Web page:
Know when to issue the command
In many cases, a dog ignores the recall command because he’s attending to more important business: he’s engrossed in a frenzied sniffing session, he’s dug up something rather tasty or he’s busy playing with a canine companion, for example. It makes little sense to call your dog in such situations - he simply won’t be receptive. If you try calling him regardless, then you’re actually teaching him to ignore the command. Wait until your dog has finished sniffing or done his business and you’re confident of getting his attention, and then use his name in combination with the command. Does he come when called or, at least, attempt to? Then reward him profusely!
Hide your frustration: don’t try to catch / punish him
Ever tried running after your dog, and frantically trying to catch him? Then you’ll already know that most dogs consider this a thoroughly enjoyable game. Once you do finally get hold of your little tearaway, it can be tempting to scold him. Unfortunately, for your dog, punishing only reinforces the idea that: being with my owner isn’t any fun, being with my owner is bad. Your dog is not a person. He won’t perceive no longer being allowed off the lead as a 'punishment'. He has absolutely no idea that this is a consequence of not coming when called. It will merely result in him running even faster next time. So, whatever you do, don’t run after your dog and never get angry. Instead, walk calmly in the opposite direction, and try to get his attention using a high-pitched, enthusiastic tone. In an emergency situation, lie down on the ground (yes, really) and call his name using an appealing, high-pitched tone.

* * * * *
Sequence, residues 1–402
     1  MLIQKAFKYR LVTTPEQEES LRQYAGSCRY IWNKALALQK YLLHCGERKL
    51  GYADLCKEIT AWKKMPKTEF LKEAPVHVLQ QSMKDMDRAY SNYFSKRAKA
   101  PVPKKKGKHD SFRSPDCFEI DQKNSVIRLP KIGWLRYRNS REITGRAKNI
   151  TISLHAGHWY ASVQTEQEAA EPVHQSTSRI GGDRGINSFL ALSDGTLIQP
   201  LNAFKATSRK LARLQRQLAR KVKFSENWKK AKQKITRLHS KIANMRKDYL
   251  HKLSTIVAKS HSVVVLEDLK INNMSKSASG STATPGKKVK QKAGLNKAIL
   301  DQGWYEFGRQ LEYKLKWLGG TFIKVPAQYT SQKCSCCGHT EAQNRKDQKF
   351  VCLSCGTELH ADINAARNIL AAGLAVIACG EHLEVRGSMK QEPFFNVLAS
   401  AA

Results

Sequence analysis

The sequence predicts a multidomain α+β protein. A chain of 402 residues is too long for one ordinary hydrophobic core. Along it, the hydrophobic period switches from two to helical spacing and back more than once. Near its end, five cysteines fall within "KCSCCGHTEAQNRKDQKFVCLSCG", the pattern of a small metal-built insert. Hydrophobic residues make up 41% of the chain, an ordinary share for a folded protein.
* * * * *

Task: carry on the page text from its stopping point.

Be present during the walk
Dogs with a good recall tend to have an extremely good relationship with their owner (or dog sitter). Giving your dog your undivided attention during his walk can strengthen this bond.
If you’re not mentally ‘present’ and your thoughts are elsewhere, your dog might just as well take his 'own walk'. And he’ll be more inclined to ignore your commands as a result. Dogs love being the focus of your attention. That’s why they prefer walking a few metres in front. It gives you (their highly-esteemed pack leader) sufficient oversight. And you needn’t continually look behind you to locate your dog.
So: get rid of your telephone and any other distractions, and give your dog your undivided attention throughout the walk. Practice his recall in a playful way, and reward him for every paw in the right direction, no matter how small. Train on a daily basis, and in each and every conceivable situation: on-line, off-line, indoors and outdoors. That way you’ll achieve optimum results and your pampered pooch will soon be coming consistently on command.